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To Protect Kids From Melanoma, Skip the Shore Vacation?

This bitter-cold weather has me dreaming of Ocean City, Md., where my family has vacationed every summer since we've been a family. Some of my favorite photos are of our tiny children plunked diaper-down in the sand, relishing the salt air and sunshine, radiating health and happiness.

So a new study in the journal Cancer Epidemiology, Biomarkers and Prevention grabbed my attention. Researchers found that the number of water-side vacations (in typically-sunny locales) that a kid takes before age 7 correlates to the number of nevi, or moles, that child develops by age 7. Why does that matter? Because the more moles you have, the greater your risk of malignant melanoma.

Each waterside vacation the kids took before they were examined at age 7 was found to be associated with a 5% increase in nevi.

That relationship was independent of parent-reported sunscreen use. (It's been suggested that using sunscreen can actually increase sun-cancer risk if it lulls us into thinking we can stay out in the sun for hours; sunscreen has to be reapplied frequently to do its job.)

There also was no apparent relationship between the length of vacations and the number of nevi; the authors say that finding suggests that the bulk of sun damage may occur on the first few days of a vacation.

The study didn't look at kids older than age 7, though the researchers are continuing to track the 681 Colorado children who participated to see how this vacation/mole relationship plays out as the kids grow up.

I hate the thought of exposing my kids to health risks. In any case, the study notes that most nevi develop during childhood, so in our case the potential damage is done. But does this study make me regret having taken them to the beach every year? I have to say it doesn't. I hope neither of them will face skin cancer, ever. But I also hope they'll always look back with joy on all those happy days at the shore.

By Jennifer LaRue Huget  |  February 6, 2009; 7:00 AM ET
Categories:  Cancer , Family Health  
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Before we Blame the Beach:

The study looks at children in Colorado. The Mean Elevation of the state of
Colorado is 6,800 feet above sea level. This is the highest mean altitude of any of the 50 states.UV levels increase with altitude because there's less atmosphere to attenuate the radiation. In general, UV levels rise 2% for every 1,000 foot rise in altitude or 1 index unit for every 4 thousand feet in summer.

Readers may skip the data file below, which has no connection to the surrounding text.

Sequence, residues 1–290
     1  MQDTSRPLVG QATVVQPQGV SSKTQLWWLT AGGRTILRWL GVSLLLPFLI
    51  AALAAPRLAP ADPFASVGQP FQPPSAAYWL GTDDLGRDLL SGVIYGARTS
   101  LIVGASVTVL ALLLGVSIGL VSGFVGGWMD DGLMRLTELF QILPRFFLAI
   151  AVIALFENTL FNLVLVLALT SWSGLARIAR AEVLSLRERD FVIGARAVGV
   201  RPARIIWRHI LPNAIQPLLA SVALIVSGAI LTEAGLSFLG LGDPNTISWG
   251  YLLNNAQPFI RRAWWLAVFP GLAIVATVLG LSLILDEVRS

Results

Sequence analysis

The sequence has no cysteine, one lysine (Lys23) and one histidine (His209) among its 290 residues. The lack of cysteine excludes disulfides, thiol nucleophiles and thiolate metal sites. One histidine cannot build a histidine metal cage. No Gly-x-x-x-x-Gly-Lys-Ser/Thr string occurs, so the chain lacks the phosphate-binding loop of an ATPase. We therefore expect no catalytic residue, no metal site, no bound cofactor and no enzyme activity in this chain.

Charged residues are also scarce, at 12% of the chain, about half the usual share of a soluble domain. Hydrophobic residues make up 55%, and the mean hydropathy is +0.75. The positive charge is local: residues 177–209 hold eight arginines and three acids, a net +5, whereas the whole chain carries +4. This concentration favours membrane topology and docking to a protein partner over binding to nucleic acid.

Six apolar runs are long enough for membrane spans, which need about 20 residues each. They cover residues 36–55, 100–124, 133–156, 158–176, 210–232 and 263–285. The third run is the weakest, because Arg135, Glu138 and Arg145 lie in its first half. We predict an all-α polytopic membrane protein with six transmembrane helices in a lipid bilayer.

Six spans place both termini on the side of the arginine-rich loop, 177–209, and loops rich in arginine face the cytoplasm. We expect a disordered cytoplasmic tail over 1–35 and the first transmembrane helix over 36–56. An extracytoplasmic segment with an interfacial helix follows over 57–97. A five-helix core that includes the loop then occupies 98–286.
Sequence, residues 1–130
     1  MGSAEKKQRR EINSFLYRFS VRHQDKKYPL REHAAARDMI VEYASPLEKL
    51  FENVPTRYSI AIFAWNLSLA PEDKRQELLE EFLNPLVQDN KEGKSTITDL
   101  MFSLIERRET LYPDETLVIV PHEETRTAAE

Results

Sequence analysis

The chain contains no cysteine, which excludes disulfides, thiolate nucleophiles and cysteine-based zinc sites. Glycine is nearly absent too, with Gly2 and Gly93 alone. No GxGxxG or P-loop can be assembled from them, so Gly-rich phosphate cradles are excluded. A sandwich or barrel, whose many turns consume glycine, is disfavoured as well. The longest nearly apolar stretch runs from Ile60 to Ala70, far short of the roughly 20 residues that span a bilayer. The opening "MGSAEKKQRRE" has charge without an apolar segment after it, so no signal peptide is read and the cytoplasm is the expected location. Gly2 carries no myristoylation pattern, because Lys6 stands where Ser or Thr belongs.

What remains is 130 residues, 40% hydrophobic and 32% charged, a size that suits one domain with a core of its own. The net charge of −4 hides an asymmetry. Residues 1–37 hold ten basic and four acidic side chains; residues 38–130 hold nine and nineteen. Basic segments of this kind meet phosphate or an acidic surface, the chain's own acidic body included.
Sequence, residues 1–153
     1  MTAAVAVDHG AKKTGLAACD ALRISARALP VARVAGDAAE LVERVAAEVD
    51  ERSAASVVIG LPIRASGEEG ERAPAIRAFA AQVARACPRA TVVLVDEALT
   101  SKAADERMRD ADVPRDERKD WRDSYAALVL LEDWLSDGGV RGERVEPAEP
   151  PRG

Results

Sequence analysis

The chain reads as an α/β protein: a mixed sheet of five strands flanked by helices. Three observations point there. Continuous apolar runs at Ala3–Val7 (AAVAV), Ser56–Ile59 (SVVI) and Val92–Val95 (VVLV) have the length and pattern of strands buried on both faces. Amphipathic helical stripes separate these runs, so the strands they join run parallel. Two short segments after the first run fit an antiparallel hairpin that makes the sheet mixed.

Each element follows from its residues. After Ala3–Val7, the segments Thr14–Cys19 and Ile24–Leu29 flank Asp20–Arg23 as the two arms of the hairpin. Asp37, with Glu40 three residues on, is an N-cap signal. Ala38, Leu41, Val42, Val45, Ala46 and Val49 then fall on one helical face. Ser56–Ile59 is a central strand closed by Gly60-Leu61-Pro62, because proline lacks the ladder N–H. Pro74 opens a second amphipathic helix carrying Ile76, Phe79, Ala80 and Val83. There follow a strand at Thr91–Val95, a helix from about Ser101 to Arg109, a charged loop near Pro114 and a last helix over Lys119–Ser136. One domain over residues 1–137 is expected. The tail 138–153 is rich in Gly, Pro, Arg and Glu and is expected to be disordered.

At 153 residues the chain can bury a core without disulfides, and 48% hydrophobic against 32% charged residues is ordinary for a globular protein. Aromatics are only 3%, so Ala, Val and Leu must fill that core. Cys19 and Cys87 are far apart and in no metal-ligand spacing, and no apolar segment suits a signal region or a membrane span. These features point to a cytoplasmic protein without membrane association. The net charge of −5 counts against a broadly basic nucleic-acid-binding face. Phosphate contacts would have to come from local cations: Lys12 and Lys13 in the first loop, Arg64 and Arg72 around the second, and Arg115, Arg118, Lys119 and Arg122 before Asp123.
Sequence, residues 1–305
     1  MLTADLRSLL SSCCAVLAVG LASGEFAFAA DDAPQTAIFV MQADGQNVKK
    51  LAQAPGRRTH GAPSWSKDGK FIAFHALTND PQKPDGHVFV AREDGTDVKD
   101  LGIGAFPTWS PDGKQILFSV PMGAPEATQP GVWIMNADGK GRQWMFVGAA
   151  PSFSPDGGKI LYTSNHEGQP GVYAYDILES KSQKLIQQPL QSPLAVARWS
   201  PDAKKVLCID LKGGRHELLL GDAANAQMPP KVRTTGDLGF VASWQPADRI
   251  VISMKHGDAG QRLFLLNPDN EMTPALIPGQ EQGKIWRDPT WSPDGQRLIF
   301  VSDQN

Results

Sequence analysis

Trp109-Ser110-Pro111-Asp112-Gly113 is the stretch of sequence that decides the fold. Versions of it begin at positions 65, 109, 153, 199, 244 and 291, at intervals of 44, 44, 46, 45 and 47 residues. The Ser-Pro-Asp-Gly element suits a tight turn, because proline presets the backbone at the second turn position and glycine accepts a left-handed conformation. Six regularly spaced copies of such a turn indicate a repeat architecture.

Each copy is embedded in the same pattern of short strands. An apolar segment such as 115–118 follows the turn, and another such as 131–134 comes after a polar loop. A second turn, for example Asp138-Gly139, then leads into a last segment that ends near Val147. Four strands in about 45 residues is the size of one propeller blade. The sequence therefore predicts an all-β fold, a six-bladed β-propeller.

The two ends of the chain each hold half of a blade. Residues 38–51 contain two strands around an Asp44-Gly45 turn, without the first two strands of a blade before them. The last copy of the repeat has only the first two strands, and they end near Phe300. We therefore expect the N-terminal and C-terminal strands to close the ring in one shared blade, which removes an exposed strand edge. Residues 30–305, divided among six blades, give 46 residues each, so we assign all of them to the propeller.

Do these kids have more background radiation as baseline?

Posted by: caryfnp | February 6, 2009 12:25 PM | Report abuse

Wow. I am a College Student. I was reading this article and was amazed. I never new that the more moles one acquires the greater the chances are of suffering from malignant melanoma. I was shocked because, I am well aware that, in some cultrues, a small mole is looked upon as a beauty mark.

Posted by: dclermon | February 6, 2009 1:49 PM | Report abuse

Sun blockers only need to be reapplied if they're sweated, washed, or abraded off, they don't chemically decay on exposure to the air or interaction with skin, it's a matter of the stuff coming off quite easily from normal movements.

For kids, SPF 50-70 are good, you might have to look around some on the East Coast to find products rated that high though.

Altitude does make a difference. I work at 14,000 feet, and there is a noticeable difference that high in the brightness of the Sun.

Posted by: timscanlon | February 6, 2009 10:09 PM | Report abuse

We cannot blame the beach.

Fred Smilek is the acting president of the Society to Save Endangered Species. It was founded two years ago by Fred Smilek along with his two best friends Charles and Jonathan.

Posted by: fredsmilek | February 12, 2009 12:03 PM | Report abuse

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